Summer of School and Sailing

I finally returned home to Florida last week to take a much needed break from the rush of classes and sailing. I had just completed my final regatta for the summer and finished my third summer class, freeing my schedule up significantly. It was nice to come home and see visiting relatives as well as my immediate family all at once. After spending a week at home I traveled back up North and am currently in Oyster Bay, NY training on foiling carbon Nacra 20 FCS, loving the entire experience.

BU campus during summer.
Earlier this summer I began taking a few classes at BU, staying after my spring semester had ended. After studying during the day I often sailed out of MIT or BU's boat houses in order to keep fresh and get out on the Charles River. On the weekends I competed in many regattas, borrowing boats from friends and traveling around to some of New England's many sailing venues. One weekend a few of my college sailing teammates and I drove down to Annapolis for a team racing event, which provided a nice opportunity to work on skills we learned during the year and see friends from other schools. This summer brought many new sailing experiences, including my first distance race in a catamaran. The Statue Race, held on the 4th of July, began at Sandy Hook, NJ and led us around the Statue of Liberty and back to the finish line, a total of 19 miles. With wind conditions ranging from zero to 15 knots and sunshine to pouring rain, this shorter distance race was full of challenges and I will definitely be sailing in it again. None of this would have been possible without the help of many friends in sailing: a huge thank you to Ryan Epprecht and his family as well as Mike Easton and Tripp Burd for lending their boats for many of this summer's events and to Jim Zellmer, Brendon Scanlon, Brian Firth, and other sailing friends for helping with other event details.

Now at the end of the summer I am focusing on training in the foiling catamarans before I head back to school to resume college sailing and classes. These boats are extremely fun and are among the fastest sailboats on the water, flying above it most of the time. The learning curve has been quite steep and initially there was a bit of a fear hurdle to overcome, but after a few more days on the boat and some building confidence it has become easier to push the boat harder and reach higher speeds. Crew work on this catamaran is different than others I have sailed in the past with tacking boards, constantly adjusting foil rake, and the rapid speed changes, but these challenges have elicited harder work and a much more rewarding sailing experience. Foiling is the future of high performance sailing and I am happy to be involved, I will be posting a video of sailing the foiling catamaran later this week.

I will be returning back to Boston soon and moving into my new housing accommodations. Classes this year will be more difficult, but I am ready to learn even more both in the classroom and on the water.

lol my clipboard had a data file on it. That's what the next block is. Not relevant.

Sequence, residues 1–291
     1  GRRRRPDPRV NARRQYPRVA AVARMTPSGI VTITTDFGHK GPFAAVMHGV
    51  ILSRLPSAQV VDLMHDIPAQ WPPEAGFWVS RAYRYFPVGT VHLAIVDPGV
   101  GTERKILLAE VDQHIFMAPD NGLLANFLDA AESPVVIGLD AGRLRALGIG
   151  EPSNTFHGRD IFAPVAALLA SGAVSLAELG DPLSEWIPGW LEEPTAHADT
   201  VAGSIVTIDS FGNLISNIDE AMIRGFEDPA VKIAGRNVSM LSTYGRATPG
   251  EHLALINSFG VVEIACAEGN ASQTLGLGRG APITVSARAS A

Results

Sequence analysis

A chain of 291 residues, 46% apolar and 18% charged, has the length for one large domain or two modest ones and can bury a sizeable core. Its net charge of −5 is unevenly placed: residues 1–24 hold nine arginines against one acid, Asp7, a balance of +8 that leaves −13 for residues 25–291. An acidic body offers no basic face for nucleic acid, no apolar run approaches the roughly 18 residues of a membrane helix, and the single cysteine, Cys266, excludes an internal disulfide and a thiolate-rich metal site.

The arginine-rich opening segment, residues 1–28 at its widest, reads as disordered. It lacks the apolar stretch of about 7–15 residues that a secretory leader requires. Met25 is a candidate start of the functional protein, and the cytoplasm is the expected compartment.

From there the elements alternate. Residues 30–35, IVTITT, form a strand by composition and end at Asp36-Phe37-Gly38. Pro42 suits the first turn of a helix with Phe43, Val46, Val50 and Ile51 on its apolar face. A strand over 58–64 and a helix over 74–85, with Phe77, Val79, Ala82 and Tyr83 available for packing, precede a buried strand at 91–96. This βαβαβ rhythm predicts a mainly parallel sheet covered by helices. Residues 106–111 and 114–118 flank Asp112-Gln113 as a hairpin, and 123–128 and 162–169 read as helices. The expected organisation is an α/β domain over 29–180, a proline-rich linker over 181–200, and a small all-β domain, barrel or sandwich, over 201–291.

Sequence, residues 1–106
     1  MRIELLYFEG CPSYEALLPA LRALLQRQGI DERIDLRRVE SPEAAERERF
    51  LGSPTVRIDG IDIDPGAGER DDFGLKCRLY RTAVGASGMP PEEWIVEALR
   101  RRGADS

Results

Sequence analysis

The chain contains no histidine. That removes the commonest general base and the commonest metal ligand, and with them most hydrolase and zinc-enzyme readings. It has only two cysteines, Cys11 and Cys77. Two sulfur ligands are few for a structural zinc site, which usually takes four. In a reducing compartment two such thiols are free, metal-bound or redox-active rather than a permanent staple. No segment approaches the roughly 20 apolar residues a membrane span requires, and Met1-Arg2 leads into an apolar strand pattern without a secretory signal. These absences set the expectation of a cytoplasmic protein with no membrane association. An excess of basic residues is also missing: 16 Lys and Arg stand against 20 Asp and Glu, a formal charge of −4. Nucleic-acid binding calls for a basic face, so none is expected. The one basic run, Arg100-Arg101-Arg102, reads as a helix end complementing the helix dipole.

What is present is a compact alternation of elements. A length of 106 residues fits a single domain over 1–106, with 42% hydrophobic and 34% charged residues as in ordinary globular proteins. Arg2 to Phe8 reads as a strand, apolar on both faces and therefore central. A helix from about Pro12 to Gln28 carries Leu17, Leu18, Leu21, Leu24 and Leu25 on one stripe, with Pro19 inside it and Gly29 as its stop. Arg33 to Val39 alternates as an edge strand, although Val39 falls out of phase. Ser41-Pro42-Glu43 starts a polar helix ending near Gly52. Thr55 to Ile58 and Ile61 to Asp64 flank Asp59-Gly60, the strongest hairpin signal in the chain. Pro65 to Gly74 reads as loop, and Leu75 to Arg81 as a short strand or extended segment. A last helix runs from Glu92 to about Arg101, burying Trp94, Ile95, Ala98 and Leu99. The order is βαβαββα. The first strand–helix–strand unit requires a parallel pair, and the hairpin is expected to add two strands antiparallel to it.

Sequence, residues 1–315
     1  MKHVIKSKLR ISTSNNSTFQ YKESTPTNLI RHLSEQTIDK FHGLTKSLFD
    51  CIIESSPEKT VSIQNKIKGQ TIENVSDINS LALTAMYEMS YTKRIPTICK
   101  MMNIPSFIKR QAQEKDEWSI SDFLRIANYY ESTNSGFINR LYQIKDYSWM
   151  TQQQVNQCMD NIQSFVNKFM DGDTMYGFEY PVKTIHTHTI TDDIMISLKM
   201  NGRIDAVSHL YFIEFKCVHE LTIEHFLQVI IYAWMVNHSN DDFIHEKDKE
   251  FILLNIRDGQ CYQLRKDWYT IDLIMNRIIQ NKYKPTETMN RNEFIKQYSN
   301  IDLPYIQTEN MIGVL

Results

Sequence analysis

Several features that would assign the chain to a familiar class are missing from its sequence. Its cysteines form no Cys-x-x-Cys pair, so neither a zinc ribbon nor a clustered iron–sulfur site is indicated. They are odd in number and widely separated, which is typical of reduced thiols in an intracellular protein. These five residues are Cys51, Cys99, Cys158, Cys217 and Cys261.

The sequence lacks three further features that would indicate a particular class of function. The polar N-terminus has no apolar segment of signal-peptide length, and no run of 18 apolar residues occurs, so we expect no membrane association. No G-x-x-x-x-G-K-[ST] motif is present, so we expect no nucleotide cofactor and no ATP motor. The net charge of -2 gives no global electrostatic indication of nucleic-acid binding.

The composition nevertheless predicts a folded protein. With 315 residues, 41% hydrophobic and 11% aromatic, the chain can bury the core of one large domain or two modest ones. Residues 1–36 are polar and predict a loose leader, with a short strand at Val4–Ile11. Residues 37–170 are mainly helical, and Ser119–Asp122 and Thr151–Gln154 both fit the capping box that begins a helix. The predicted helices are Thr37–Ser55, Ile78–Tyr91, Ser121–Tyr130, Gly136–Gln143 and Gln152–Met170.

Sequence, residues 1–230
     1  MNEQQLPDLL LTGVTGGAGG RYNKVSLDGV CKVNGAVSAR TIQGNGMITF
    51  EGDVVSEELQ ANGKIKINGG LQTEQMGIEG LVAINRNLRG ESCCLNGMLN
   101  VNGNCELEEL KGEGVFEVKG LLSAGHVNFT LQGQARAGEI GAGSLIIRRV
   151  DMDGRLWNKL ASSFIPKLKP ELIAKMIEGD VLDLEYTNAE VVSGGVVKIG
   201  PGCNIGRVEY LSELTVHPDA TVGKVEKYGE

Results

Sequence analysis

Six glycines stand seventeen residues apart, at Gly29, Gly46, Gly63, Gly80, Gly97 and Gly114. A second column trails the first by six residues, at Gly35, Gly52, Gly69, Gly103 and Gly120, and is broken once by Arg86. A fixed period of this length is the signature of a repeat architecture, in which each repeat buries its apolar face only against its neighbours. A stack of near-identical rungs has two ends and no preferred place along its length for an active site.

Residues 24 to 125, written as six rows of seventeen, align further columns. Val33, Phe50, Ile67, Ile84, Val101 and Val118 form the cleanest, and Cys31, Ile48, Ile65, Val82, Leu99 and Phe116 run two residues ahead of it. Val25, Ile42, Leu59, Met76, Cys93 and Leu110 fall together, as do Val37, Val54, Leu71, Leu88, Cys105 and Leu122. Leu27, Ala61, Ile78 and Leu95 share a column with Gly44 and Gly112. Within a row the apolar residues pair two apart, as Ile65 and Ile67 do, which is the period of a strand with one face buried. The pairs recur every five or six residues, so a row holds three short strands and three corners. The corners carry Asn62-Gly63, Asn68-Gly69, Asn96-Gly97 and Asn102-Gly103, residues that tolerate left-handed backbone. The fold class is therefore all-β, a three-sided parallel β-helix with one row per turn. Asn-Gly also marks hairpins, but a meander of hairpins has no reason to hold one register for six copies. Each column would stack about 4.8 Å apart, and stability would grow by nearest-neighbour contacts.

View from the Statue Race.
Ronstan Rocket at Newport Regatta.

Weight training in Oyster Bay.

Foiling catamaran training.

Finishing Up Freshman Year

These past few months have been jammed full with classes, sailing, and college life. Now that summer has come I have much more free time to continue working on this website. The spring semester began after I returned to Boston from winter break. When I landed I was greeted by fresh layers of snow covering the ground and a frozen Charles River. Little did I now that my first winter in Boston would set records in snowfall and missed class days due to hazardous weather. We had a total of 5 snow days and even though they were a nice break from classes and a totally novel experience for me, I still missed being out on the river! The Boston University Dinghy Sailors (BUDS), myself included, made a few trips South to venues such as the College of Charleston and Jacksonville University for intersectional regattas. We spent our spring break training in Miami and returned to the city with some color in our skin, drawing envy from our northern friends.

We finally broke off the ice and headed out on the river in late March and as the weather warmed up we quickly returned to our regular practice schedule. The spring sailing season was shorter than the fall, but not any less packed with action and excitement. In addition to regular fleet racing style regattas I competed in some team racing events and even one sport boat promo on a J-70. Sailing on this boat and in the different style of racing provided a nice break from the typical college racing format and helped me work on skills that could be used across sailing disciplines.

Light wind practice on the river.
J-70 regatta at Coast Guard Acad.

Shoveling snow off our boat!
The BUDS ended the season at the New England Championship, our conference championship where teams qualified to compete at the National Championship. I had the opportunity to sail in 4 races in the B division and learned a lot during my short time on the water. I experienced what competing with our district's best sailors was like and could clearly see what elements of my own sailing needed the greatest attention. At the end of the regatta we missed qualifying by 3 points, but despite this loss I feel as though we grew stronger as a team. My biggest takeaway from this event was the importance of a team mindset, something I was not accustomed to when I first joined the BUDS. With all the lessons and morals learned this semester we will come back as a much stronger team next season and are ready to race our competition!